The board also didn’t like the idea of increasing tap fees because of fears it might hinder growth, but felt it was better to put a greater burden on future development rather than existing customers, he said.
Here’s the abstract from the United States Geological Survey:
On September 9, 2013, rain began to fall in eastern Colorado as a large low-pressure system pulled plumes of tropical moisture northward from the Pacific Ocean and the Gulf of Mexico. By September 16, 2013, as much as 12 to 20 inches of rain had fallen in the foothills of the Front Range of the Southern Rocky Mountains and adjacent plains near Colorado Springs, Colorado, north to the Colorado-Wyoming border. The rain caused major flooding during September 9–18, 2013, in a large part of the South Platte River Basin and in the Fountain Creek Basin. The floods resulted in several fatalities, more than 31,000 damaged or destroyed structures, and an estimated 3 billion dollars in damages. The U.S. Geological Survey (USGS) documented peak stage, streamflow, or both from the flood event for 80 sites located on selected rivers and streams in the South Platte River and Fountain Creek Basins and on the Platte River in Nebraska. The majority of flood-peak streamflows occurred on September 12 or 13, 2013, coinciding with the period of maximum rainfall. The flood resulted in new record peak streamflows at 17 streamgages having at least 10 years of record; 13 in the South Platte River Basin and 4 in the Fountain Creek Basin.
Flooding in the South Platte River Basin was primarily contained to select streams in Aurora and the Denver metropolitan area, most of the mountain tributaries joining the main stem South Platte River from Denver to Greeley, and in the main stem South Platte River from Denver to the Colorado-Nebraska State line. In Aurora, where about 15 inches of rain fell, streamflow peaked at 5,470 cubic feet per second (ft3/s) in Toll Gate Creek, a tributary to Sand Creek. Downstream from Aurora near the confluence with the South Platte River, Sand Creek peaked at 14,900 ft3/s, which was the highest streamflow since at least 1992, but less than the peak of 25,500 ft3/s in 1957 that occurred 4 miles upstream from the mouth. Flood-peak streamflows in the Denver metropolitan area were generally below historic records. The peak of 3,930 ft3/s on September 12 at the State of Colorado streamgage South Platte River at Denver ranked 59 out of 116 peaks and was less than the 1965 peak of 40,300 ft3/s. Ten of the 13 streamgages in the South Platte River Basin with new record peak streamflows were located on the mountain tributaries; Bear Creek, Fourmile Creek, Boulder Creek, St. Vrain Creek, the Big Thompson River, and the Cache la Poudre River. A daily average streamflow of 8,910 ft3/s on September 13 in Boulder Creek at the confluence with St. Vrain Creek was more than twice the previous instantaneous peak of 4,410 ft3/s from 1938. The USGS calculated a peak streamflow of 23,800 ft3/s for the St. Vrain Creek at Lyons; the highest streamflow on record at this State of Colorado streamgage (122 years of record) is 10,500 ft3/s from 1941. A peak streamflow of 16,200 ft3/s was calculated for the Big Thompson River at mouth of canyon near Drake streamgage, which is the second highest peak in 90 years of record and about one-half the magnitude of the peak of 31,200 ft3/s from July 31, 1976. A streamflow of 60,000 ft3/s in the South Platte River at Fort Morgan (September 15, 2013) suggests that a new record streamflow occurred in the main stem in the Greeley area, about 45 miles upstream from Fort Morgan. The current peak of record at a State of Colorado streamgage at Kersey, about 6.5 miles downstream from Greeley, is 31,500 ft3/s from 1973. Given that there was minimal inflow between Kersey and Fort Morgan, the USGS estimates there was probably at least 60,000 ft3/s at Kersey, which would be almost double the peak streamflow of record from 1973.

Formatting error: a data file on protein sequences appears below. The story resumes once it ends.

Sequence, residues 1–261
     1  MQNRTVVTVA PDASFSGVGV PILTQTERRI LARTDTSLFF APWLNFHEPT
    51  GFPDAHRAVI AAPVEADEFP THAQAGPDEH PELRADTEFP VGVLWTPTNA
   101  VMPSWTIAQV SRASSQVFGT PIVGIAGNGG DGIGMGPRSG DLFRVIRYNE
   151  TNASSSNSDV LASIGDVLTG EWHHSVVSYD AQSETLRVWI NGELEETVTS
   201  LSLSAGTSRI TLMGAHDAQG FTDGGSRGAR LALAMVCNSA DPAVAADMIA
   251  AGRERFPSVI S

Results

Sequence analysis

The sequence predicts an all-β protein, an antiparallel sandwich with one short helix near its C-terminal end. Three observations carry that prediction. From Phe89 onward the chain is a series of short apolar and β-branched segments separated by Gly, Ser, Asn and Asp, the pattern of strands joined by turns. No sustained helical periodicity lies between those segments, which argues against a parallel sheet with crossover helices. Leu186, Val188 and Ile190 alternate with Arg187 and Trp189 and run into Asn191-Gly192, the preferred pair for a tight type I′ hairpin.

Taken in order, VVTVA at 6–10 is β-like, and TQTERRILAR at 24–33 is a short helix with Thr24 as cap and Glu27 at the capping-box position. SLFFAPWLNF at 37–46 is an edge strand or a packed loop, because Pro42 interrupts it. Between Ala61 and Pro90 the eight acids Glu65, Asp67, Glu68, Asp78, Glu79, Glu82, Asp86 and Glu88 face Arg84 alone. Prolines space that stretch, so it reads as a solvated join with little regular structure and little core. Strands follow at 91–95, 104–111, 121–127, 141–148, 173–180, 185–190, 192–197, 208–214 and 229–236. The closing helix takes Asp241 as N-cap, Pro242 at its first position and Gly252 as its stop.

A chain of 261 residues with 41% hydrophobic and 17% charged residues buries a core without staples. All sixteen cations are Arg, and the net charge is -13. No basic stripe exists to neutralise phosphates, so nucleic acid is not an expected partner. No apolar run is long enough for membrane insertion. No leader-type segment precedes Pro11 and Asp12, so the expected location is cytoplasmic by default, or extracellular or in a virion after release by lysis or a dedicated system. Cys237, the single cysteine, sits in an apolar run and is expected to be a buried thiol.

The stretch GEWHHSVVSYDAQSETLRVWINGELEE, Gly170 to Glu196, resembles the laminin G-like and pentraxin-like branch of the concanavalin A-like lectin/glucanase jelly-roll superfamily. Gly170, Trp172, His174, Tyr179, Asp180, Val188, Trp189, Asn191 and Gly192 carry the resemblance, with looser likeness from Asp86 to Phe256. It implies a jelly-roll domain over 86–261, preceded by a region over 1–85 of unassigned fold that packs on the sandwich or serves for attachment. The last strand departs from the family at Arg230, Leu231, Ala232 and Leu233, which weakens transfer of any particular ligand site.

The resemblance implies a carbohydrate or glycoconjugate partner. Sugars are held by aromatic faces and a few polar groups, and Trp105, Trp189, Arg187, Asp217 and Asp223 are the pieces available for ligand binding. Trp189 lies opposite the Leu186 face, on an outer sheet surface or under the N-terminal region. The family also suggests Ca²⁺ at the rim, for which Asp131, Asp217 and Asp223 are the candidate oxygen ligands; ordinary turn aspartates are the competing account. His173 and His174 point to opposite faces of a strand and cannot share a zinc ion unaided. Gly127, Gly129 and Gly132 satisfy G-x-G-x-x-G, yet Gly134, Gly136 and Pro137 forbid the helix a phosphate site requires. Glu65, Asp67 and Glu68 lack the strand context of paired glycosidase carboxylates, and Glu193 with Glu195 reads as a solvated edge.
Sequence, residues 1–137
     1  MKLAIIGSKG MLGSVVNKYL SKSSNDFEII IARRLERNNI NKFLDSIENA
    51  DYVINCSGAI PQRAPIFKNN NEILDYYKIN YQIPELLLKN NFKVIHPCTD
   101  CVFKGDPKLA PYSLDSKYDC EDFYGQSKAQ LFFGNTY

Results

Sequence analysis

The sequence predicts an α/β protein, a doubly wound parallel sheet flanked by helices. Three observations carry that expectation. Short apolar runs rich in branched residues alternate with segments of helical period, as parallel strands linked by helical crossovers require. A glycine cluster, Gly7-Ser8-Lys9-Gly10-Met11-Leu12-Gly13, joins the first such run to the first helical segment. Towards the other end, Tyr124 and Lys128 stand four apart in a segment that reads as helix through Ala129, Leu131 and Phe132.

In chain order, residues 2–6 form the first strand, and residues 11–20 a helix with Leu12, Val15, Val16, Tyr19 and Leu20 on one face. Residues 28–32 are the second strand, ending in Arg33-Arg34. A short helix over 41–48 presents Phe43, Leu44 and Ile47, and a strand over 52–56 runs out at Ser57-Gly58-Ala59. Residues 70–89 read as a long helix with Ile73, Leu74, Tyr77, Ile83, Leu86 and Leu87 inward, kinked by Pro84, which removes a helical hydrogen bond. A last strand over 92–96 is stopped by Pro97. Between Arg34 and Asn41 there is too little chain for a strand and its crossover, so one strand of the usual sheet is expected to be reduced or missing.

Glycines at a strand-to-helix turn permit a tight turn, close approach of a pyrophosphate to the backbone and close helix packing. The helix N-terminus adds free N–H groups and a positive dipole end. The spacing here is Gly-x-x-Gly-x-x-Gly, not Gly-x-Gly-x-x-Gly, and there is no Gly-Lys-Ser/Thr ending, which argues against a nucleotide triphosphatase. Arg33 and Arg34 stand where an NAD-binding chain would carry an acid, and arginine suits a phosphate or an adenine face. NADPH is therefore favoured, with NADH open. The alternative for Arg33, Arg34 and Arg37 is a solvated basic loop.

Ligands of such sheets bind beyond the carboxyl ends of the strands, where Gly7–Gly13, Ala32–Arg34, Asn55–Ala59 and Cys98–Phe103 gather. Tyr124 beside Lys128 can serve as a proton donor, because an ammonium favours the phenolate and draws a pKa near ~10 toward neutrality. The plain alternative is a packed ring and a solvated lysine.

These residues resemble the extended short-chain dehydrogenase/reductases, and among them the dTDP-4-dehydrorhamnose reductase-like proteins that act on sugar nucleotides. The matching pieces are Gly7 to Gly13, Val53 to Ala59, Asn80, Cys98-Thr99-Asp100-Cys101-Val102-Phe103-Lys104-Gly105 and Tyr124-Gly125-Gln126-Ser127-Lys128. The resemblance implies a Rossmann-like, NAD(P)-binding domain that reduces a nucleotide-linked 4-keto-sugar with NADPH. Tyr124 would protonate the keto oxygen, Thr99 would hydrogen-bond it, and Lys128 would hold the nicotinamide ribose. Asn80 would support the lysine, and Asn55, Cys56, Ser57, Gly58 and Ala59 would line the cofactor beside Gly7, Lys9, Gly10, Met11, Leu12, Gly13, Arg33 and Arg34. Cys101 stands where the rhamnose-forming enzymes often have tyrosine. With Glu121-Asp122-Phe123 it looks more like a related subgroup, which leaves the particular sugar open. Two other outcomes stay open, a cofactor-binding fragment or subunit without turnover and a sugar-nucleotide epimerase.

Flooding in the Fountain Creek Basin was primarily contained to Fountain Creek from southern Colorado Springs to its confluence with the Arkansas River in Pueblo, in lower Monument Creek, and in several mountain tributaries. New record peak streamflows occurred at four mountain tributary streamgages having at least 10 years of record; Bear Creek, Cheyenne Creek, Rock Creek, and Little Fountain Creek. Five streamgages with at least 10 years of record in a 32-mile reach of Fountain Creek extending from Colorado Springs to Piñon had peak streamflows in the top five for the period of record. A peak of 15,300 ft3/s at Fountain Creek near Fountain was the highest streamflow recorded in the Fountain Creek Basin during the September 2013 event and ranks the third highest peak in 46 years. Near the mouth of the basin, a peak of 11,800 ft3/s in Pueblo was only the thirteenth highest annual peak in 74 years. A new Colorado record for daily rainfall of 11.85 inches was recorded at a USGS rain gage in the Little Fountain Creek Basin on September 12, 2013.